The initial striae rubrae are slightly raised pink or violaceous linear marks (striae rubrae), which fade over months to years to hypopigmented, atrophic, wrinkled scars (striae albae). The marks are perpendicular to the direction of skin tension. They fade with time. In pregnancy, they occur on the abdomen, breasts, and thighs. In adolescents, they are common on thighs, buttocks, breasts (females) and back (males).

Striae rubrae are sometimes pruritic. Otherwise, striae are asymptomatic. Treatment is sought because of their unsightly appearance.

Evaluation

Authors have used various methods of assessing the type and severity of striae when discussing the efficacy of treatments. These are not standardized or validated. Dermoscopy shows increased melanization in striae rubrae and reduced melanization in striae albae. [13] A biopsy is not necessary or useful.

Treatment / Management

The aim of treatment is to reduce redness, swelling and irritation in striae rubrae, and to increase collagen and elastic fiber production, improve hydration, and reduce inflammation in striae albae.[14]

Topical management is commonly recommended to prevent and treat striae, with very little if any evidence of efficacy, according to several published comprehensive reviews. Clinical trials have been of low quality involving small numbers of subjects.

  • Many emollients and over-the-counter cosmeceuticals are marketed and used by pregnant women with the intention of preventing striae distensae or reducing their severity, resulting in considerable effort and expense, despite the considerable uncertainty whether any have benefit. [15]
  • Silicone gels are recommended for atrophic scars and may be used in striae distensae. Published results are difficult to interpret.[16]
  • Tretinoin cream has been reported to be possibly useful in striae rubrae when compared to placebo over a six-month period. It may result in irritation, redness, and peeling. It should not be applied during pregnancy due to its pregnancy category.[0][18]
  • Chemical peels using various acids have been used to treat striae. Efficacy is unknown.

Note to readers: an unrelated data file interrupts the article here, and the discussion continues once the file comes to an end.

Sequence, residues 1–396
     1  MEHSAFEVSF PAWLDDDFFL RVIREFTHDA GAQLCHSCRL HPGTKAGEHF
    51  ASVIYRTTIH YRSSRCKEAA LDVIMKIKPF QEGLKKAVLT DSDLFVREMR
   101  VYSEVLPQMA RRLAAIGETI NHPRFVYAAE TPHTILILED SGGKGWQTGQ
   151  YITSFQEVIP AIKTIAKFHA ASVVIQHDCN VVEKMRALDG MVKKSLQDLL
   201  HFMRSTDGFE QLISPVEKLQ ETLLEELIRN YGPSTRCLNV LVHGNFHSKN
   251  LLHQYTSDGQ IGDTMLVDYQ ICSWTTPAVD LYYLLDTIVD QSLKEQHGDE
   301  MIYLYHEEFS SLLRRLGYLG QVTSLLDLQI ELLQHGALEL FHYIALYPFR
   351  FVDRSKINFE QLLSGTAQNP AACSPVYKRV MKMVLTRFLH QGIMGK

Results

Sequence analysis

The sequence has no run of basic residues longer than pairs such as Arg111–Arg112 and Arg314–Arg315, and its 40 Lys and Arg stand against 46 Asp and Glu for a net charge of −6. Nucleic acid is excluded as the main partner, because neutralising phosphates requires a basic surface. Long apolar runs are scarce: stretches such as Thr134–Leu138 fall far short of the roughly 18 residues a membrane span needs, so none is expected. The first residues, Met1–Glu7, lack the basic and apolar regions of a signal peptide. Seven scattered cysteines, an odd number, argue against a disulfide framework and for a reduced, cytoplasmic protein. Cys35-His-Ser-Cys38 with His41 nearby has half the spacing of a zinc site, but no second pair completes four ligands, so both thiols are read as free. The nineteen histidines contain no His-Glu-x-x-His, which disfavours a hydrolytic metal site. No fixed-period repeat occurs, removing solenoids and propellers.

Physical treatments are also advocated but also have little evidence to support their use.

  • Massage is a component of topical therapy, and it is also used in scar management. [19]
  • Exposure to broadband ultraviolet radiation can cause repigmentation in striae alba but is reported to have temporary effect with loss of pigmentation within a few months.
  • Light and laser therapies have shown improvements in the appearance of striae, although it is uncertain which is best, and at what stage (rubrae, albae) they should be used. [19] Several laser types (e.g., pulse dye laser) target vascular chromophores in striae rubra and are reported to reduce redness and swelling.[20] Fractional lasers (e.g., Erbium-YAG) stimulate fibroblasts to produce collagen and elastin and can cause repigmentation in striae alba.[21]
  • Light and lasers cause short-term erythema and oedema. They should be avoided in darker skin types due to greater risk of adverse effects, particularly transient postinflammatory hyperpigmentation and persistent hypopigmentation. Non-ablative devices are safer than ablative lasers.
  • Radiofrequency energy devices emit high-frequency alternating electric current producing dermal heat. They are used to tighten the dermis, reduce wrinkles, and improve cellulite. Treatment promotes neocollagenesis, neoelastogenesis, and increased ground substances (proteoglycans) and should theoretically improve the appearance of striae. At least one published study has reported treatment was well tolerated, and the patients were satisfied with the results. A more recent advance has been the delivery of radiofrequency energy to a depth of 3.5 mm using a multiple needle delivery mode. Anecdotal reports are encouraging but proper studies are awaited. [0]
  • Other devices used have included microdermabrasion[23], galvanopuncture [24], needling [25], pulsed magnetic fields [0], and ultrasound devices.[26]

The effect of treatments is difficult to assess. For example, laser protocols use differing devices, fluence, pulse duration, spot size and treatment frequency and number.  The utility of combination strategies is unknown.[14]